Politics in mechanics' institutes, 1820-1850 : a study in conflict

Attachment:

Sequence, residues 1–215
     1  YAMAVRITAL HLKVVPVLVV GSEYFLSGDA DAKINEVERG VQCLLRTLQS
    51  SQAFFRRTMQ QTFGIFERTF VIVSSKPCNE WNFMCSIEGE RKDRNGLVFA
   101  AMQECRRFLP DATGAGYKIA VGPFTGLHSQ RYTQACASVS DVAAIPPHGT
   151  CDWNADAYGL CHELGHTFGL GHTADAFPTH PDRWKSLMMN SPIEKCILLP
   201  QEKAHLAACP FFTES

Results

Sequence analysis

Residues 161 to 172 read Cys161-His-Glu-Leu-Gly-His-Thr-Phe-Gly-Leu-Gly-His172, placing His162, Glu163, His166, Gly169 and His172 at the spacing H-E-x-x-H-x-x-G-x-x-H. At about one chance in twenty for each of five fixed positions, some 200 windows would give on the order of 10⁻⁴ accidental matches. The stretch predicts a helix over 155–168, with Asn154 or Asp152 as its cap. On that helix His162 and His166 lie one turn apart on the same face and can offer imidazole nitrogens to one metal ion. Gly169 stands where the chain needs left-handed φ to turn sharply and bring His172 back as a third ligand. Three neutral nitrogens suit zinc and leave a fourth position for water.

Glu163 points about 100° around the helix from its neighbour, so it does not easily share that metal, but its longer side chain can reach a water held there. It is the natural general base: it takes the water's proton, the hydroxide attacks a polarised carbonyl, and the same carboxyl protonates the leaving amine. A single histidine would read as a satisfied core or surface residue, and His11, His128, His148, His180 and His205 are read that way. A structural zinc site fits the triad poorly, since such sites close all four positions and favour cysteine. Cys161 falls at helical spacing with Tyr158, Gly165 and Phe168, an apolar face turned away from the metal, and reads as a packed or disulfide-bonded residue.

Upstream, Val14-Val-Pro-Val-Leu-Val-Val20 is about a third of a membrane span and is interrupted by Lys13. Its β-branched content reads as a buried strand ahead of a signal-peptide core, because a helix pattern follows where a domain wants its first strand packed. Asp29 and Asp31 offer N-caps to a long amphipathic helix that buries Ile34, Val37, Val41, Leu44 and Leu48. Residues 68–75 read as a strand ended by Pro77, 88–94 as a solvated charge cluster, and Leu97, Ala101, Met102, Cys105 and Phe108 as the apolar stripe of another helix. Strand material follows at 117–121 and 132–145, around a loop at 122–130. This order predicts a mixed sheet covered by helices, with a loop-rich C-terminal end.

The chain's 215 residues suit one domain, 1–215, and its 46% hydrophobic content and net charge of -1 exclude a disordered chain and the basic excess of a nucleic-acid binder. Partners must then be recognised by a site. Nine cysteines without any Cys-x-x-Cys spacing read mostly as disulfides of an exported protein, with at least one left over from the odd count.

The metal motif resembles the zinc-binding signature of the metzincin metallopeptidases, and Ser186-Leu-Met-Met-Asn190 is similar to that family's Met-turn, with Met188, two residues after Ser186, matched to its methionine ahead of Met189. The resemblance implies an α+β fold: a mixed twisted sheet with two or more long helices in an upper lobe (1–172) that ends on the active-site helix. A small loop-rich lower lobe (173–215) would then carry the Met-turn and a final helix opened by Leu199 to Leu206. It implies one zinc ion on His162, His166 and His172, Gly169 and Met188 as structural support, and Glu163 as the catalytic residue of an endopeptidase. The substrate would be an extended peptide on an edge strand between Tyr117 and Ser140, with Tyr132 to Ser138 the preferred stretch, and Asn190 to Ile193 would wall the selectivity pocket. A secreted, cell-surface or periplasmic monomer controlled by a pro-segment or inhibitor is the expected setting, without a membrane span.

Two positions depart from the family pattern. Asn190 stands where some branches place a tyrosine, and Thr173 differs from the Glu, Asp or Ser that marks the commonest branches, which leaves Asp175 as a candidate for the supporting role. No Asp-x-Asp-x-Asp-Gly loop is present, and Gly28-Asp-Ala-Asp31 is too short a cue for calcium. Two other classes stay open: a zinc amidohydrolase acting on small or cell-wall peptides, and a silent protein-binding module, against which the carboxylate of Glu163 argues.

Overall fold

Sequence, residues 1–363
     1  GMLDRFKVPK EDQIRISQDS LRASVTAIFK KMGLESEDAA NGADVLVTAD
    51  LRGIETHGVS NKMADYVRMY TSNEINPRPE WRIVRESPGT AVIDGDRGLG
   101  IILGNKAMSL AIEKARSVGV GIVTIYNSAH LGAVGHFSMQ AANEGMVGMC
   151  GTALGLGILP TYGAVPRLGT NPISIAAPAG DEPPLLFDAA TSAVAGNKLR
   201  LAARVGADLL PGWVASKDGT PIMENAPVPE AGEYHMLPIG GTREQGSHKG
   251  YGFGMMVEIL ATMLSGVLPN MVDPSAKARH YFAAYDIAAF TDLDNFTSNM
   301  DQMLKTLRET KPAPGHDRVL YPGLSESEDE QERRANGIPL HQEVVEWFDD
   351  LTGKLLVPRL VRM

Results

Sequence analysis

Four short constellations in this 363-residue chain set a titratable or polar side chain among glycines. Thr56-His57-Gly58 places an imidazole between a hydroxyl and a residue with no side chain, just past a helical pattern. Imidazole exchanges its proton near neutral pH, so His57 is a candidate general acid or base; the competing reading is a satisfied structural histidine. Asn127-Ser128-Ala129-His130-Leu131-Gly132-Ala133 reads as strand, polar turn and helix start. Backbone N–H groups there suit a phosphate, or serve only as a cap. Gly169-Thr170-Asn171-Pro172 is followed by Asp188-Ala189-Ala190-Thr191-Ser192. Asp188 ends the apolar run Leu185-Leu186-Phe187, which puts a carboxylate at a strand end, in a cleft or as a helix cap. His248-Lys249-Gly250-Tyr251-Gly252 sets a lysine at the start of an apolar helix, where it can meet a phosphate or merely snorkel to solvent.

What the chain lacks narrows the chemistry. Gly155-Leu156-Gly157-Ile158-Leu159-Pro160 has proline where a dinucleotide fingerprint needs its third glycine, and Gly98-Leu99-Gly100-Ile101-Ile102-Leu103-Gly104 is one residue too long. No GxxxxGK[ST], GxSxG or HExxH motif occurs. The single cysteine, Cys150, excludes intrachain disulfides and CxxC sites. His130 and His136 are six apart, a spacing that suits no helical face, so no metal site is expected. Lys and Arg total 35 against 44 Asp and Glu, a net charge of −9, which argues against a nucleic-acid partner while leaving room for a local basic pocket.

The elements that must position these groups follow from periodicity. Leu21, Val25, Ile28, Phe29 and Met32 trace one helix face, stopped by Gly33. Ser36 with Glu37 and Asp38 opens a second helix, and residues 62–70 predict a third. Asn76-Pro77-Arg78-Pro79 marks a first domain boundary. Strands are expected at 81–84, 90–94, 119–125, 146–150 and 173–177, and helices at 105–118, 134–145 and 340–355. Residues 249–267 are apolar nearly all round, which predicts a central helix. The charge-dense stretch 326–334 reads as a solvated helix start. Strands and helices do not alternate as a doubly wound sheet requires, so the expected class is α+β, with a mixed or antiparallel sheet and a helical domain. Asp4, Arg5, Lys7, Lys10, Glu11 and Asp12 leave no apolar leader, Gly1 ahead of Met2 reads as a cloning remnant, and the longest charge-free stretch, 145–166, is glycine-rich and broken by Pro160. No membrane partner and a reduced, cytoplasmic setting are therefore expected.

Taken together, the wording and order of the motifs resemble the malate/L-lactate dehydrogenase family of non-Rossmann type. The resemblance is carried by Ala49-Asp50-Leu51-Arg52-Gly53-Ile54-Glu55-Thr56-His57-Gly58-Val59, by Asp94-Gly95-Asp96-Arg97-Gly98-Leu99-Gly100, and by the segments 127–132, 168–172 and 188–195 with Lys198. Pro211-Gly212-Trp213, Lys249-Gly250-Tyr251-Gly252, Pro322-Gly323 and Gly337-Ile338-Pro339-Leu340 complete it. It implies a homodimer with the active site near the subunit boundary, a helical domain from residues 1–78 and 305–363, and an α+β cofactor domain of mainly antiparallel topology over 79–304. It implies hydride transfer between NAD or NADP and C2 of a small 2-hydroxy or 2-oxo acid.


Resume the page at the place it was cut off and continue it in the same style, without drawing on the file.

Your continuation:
Mechanics' institutes were supported and opposed by members of all the major political and religious groupings in the period 1820-1850. The institutes transmitted different political, economic, cultural, and religious programmes, explicit and hidden, according to which group or alliance of groups was in control. The institutes were used for different purposes by different political groups. The major power groups, assumed to be in conflict or alliance on any particular institute were: a reformist whig group heavily representative of the middle class and tending to non-conformism; a conservative traditionalist group heavily representative of the landed class and tending to anglicanism; and a radical working class group. Institutes can be categorised on the basis of the conflict-alliance relationship of these three classes, and six categories are postulated and C6U1 be tested against the histories of individual institutes. Examples of institutes are found to exist for all six categories, although some institutes are hybrid and others move between categories over time. Most of the institutes examined reflected the economic and political assumptions of urban industrial capitalism, though in many cases with some accomodation with conservative and anglican thinking. Assumptions of both groups tended to fuse together in presentation of a common programme of moral and cultural education that was harmonious with political and economic beliefs and activities of industrial capitalism and also with middle class concepts of religious and moral virtue. Because most institutes overtly presented a programme that was based on the economic self-interest of the middle and upper classes, albeit justified on the grounds that their own self-interest coincided with national interest, working class representation was low throughout the period, and radical working class institutes with an alternative political and cultural, programme were few and did not survive long.